The son of Joseph Doupe (1838-1910), Jacob followed his father into surveying as a career. Jacob’s father had come west in 1871 as a government surveyor in Vancouver and the NorthWest Territories. His early forefathers came from one of the old Palatinate families in the latter part of the 17th century. They were harassed by the bigotry of Louis XIV and immigrated to the south of Ireland. Between 1827 and 1832, many of these families immigrated to Canada and the United States.
Jacob received his education in Winnipeg attending St. John’s College and the University of Manitoba, where he obtained his Master of Arts and Engineering.
Upon receiving his Manitoba and Dominion Land Surveyor commissions in 1888, he entered private practice for a short period of time. In 1889, he was appointed resident engineer with the Northern Pacific and Manitoba Railway and, in 1890, became resident engineer of construction. In 1891, he was hired as a land surveyor for the land department of the Canadian Pacific Railway. He was soon promoted to assistant land commissioner and general townsite agent covering Western Canada. In 1912 until his retirement in 1933, he was chief surveyor for the western lines of the CPR.
“It was because of his far-reaching responsibilities that he was qualified as a professional land surveyor in each of the four western provinces. Official business and a railway pass made him a popular member of the four survey associations and a perennial delegate from one association to another. In 1932, shortly before he retired, he presented gavels to each of the associations.”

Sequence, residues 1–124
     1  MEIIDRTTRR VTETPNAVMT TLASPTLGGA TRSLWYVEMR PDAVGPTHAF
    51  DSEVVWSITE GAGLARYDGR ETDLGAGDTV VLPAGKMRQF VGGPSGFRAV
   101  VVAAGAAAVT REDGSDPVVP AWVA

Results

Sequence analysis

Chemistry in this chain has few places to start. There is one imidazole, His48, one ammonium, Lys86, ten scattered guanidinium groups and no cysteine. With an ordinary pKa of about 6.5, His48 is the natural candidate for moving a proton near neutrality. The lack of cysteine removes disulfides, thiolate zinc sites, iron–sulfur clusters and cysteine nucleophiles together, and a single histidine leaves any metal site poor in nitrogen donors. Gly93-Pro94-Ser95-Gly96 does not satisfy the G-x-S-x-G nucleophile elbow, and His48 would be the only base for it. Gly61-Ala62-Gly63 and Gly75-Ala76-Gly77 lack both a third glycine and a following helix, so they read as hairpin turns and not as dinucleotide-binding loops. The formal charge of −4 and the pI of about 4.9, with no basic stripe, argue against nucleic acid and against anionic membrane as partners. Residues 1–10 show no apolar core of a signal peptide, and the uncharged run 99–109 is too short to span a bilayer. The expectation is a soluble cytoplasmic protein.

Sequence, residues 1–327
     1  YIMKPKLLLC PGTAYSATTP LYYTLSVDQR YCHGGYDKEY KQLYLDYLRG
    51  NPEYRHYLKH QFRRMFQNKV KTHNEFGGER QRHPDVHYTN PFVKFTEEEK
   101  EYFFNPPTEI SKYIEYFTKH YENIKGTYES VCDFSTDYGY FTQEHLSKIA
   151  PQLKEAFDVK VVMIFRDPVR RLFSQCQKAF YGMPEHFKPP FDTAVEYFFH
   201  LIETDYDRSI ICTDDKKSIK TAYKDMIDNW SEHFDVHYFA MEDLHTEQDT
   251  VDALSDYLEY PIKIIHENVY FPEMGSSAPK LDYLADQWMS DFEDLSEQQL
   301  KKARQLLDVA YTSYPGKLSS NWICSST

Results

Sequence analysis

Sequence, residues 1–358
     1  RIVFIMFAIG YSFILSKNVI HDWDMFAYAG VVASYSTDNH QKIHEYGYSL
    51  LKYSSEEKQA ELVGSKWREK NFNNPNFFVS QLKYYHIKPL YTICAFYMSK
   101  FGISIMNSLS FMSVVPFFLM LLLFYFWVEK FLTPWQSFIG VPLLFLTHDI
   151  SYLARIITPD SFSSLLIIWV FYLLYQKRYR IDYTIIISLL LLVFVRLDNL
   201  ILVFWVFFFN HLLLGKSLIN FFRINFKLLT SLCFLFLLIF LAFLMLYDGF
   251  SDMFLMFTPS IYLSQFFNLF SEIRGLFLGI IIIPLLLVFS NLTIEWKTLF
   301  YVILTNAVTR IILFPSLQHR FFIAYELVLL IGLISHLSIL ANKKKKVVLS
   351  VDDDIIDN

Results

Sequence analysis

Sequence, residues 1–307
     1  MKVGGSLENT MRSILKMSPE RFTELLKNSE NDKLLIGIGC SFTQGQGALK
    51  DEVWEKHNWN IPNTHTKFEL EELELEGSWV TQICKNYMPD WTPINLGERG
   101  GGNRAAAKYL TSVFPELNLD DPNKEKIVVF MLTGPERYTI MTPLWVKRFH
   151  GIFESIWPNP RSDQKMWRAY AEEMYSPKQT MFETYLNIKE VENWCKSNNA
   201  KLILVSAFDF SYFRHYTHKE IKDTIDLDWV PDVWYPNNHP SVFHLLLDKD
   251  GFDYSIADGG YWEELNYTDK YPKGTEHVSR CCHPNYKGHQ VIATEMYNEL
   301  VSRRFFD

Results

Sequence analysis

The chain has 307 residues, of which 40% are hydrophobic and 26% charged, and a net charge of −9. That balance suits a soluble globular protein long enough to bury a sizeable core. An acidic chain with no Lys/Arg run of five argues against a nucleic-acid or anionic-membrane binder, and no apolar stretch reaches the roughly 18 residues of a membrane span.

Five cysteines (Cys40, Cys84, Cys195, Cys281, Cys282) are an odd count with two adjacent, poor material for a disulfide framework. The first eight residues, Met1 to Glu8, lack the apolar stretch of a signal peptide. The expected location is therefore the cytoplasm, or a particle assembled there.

From Compass to Satellite:
When Mr. Doupe retired from the CPR in 1933, he was presented with many accolades and gifts. One such address read, “in the hard exciting times of the western infancy of the CPR, you were its hardy warrior. For all the years you have been with it, the company has received your first consideration.”
Mr. Jacob Lonsdale Doupe was thoroughly acquainted with western townsite development and was associated with the building of the majority of the earlier branch lines. In all probability, he might have had a hand in selecting the names of the towns and villages along CPR properties in the West.
There are virtually hundreds of subdivision plans along the railway lines that were signed by J.L. Doupe.
Mr. Doupe had the honour of being president of three western land survey associations. The Association of Manitoba Land Surveyors in 1912-1913, the Saskatchewan Land Surveyors’ Association in 1921 and the Alberta Land Surveyors’ Association in 1924.
Mr. Doupe was married to Mary Young and they had two sons and two daughters.
Mr. Doupe passed away February 11, 1952. According to A.C. Garner in 1952, “a gentleman always, highly esteemed by all who knew him and particularly by the members of his profession, his passing will be keenly felt. His record is an outstanding one and this, combined with the excellent work he performed, will ever be remembered as a lasting tribute to his memory.